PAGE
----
Why we don’t use the Software Maintainability Index
The Software Maintainability Index (MI) is a single-value indicator for the maintainability of a software system. It was proposed by Oman and Hagemeister in the early nineties. 
The Maintainability Index is computed by combining four traditional metrics: It is a weighted composition of the average Halstead Volume per module, the Cyclomatic Complexity, the number of lines of code (LOC) and the comment ratio of the system.
The formula  for the Maintainability Index is presented in the following figure:
Several static analysis and software development tools, including Microsoft Visual Studio, compute the Maintainability Index .
But: What knowledge can you gain if you know that the Maintainability Index of your system is, say, 57?
If you trust in the validity of this Key Performance Indicator (KPI)—despite its obscure formula—you can try to compare your system to others. That’s it. Apart from that, it does not provide more information and, in particular, will not help you in locating the problems and determining what you can do to improve.
Because of this lack of expressiveness, we at CQSE are convinced that this KPI is nonsense. We think that it is not sensible to reduce the maintainability of a whole software system to one single indicator.
What makes a good KPI for software quality?
In our opinion, a valid KPI needs to satisfy four criteria :
- A KPI needs to be objective and unambiguous. It must be clear for every developer how it is calculated and the way of aggregation must be transparent.
- It must be predictable how the KPI is affected by changes to the code. In particular, it is very important that an optimization of the indicator cannot be achieved by making the code quality worse (e.g. “improving” the method length by removing its comments).
- A KPI needs to be actionable: If it indicates bad performance, actions to improve the situation must be clearly deducible.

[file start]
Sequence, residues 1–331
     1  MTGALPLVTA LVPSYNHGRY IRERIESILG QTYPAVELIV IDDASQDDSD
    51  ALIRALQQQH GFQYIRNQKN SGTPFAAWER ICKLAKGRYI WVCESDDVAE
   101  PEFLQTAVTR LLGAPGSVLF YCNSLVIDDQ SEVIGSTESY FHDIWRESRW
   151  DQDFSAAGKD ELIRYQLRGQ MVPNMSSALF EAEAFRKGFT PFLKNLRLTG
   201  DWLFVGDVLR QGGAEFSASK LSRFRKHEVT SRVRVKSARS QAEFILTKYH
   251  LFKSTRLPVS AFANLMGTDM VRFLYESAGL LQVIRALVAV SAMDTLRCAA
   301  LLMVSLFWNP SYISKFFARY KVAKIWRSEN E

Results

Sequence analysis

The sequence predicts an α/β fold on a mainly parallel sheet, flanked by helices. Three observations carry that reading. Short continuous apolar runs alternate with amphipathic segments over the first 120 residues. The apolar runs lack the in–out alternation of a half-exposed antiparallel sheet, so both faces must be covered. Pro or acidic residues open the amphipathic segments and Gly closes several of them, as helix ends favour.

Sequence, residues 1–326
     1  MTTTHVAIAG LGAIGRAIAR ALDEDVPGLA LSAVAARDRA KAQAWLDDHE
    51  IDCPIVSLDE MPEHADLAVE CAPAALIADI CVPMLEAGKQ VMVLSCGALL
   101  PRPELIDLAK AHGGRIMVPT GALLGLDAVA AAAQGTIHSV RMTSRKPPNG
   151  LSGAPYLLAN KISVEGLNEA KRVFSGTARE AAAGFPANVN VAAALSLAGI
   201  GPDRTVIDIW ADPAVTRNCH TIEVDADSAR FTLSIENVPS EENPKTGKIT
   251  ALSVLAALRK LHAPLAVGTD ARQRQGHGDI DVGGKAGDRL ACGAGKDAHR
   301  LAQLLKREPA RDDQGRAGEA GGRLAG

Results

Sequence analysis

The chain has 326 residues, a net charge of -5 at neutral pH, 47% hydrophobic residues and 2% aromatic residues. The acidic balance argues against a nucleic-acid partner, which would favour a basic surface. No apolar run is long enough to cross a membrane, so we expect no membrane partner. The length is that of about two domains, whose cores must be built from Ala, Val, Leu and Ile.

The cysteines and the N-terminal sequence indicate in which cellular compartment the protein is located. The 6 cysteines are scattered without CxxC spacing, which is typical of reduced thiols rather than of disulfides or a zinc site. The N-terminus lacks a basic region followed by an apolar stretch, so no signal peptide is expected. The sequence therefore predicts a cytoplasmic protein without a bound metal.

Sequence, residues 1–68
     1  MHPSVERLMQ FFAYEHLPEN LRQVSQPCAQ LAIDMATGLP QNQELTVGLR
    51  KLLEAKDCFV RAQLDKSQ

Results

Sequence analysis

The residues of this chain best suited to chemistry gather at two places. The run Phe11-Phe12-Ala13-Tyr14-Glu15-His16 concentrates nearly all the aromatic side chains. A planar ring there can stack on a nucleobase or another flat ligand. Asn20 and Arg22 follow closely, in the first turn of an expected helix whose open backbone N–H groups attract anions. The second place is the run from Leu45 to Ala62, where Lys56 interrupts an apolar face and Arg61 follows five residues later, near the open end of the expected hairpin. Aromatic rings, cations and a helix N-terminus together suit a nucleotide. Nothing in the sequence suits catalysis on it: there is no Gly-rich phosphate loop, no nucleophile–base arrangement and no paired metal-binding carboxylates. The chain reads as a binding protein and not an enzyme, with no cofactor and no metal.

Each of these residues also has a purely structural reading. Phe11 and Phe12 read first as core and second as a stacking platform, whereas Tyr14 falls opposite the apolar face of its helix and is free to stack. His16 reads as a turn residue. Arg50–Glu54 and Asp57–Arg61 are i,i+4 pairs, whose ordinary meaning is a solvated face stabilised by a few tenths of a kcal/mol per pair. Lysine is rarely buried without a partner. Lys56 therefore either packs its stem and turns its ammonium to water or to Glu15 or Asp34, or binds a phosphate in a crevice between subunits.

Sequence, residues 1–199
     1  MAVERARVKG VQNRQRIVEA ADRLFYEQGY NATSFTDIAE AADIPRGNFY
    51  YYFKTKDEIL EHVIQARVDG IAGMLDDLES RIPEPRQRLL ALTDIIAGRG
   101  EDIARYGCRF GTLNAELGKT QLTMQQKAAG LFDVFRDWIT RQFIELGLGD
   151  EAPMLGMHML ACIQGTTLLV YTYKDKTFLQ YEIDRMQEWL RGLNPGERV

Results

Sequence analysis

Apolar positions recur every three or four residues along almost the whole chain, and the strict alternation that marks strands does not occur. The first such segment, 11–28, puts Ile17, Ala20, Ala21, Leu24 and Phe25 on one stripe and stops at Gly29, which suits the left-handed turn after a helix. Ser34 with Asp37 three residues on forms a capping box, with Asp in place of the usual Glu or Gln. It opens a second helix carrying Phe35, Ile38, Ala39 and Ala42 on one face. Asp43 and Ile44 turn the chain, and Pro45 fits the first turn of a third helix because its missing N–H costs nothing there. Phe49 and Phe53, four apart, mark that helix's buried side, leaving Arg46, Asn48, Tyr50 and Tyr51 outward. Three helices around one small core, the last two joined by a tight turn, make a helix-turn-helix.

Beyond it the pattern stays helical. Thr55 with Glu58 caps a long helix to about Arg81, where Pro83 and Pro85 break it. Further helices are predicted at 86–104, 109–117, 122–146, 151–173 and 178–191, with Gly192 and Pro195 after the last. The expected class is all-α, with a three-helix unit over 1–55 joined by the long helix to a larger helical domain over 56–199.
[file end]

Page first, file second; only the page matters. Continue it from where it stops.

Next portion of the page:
- In order to gain acceptance for the KPI, its impact on development and maintenance activities (such as code reading, testing, and so on) must be clear. The implications of a bad value, e.g. more time consuming or error-prone development, must be comprehensible.
The Maintainability Index does not satisfy these criteria:
- First, it is not objective. Unfortunately different tools compute different results because they simply arbitrarily adjust the formula. Moreover, the complex formula is not easily comprehensible and therefore not all developers understand and interpret it in the same way.
- Second, a developer cannot predict how code changes influence the Maintainability Index. For instance, if a developer extracts code out of a method to lower its complexity (and thus improves the overall cyclomatic complexity), he will usually increase the lines of code at the same time. As a change influences multiple factors, an improvement of the code may negatively affect the KPI.
- Third, due to the unknown influence of code changes, it is unclear what can be done to improve maintainability. For example, it is not deducible what a developer can do to raise the value from 57 to 60. The single value is not expressive enough to allow inferring concrete improvement actions.
- Fourth, the Maintainability Index does not provide information about the impact on development activities. A value of 57 does not express which maintainability aspects are affected by a bad value. Is the code difficult to understand, are changes expensive, are extensions difficult, or is it not reliable? The Maintainability Index does not answer this question.
Besides, other relevant factors such as the code coverage of regression tests that reveal newly introduced faults during changes are not considered by the Maintainability Index.
How to measure code quality instead?
For these reasons, our quality analysis tool Teamscale does not compute the Maintainability Index. When we assess the maintainability and complexity of a software system, we use manual reviews, multiple fine-grained checks, and indicators, such as method length, nesting depth, ratio of duplicated code, and more, to gain insights about a system.
Read also what we think about the McCabe’s Cyclomatic Complexity.
 Oman, Paul, and Jack Hagemeister. “Metrics for assessing a software system’s maintainability.” In Proc. Conference on Software Maintenance. IEEE, 1992.
 Coleman, Don, et al. “Using metrics to evaluate software system maintainability.” Computer 27.8 (1994): 44-49.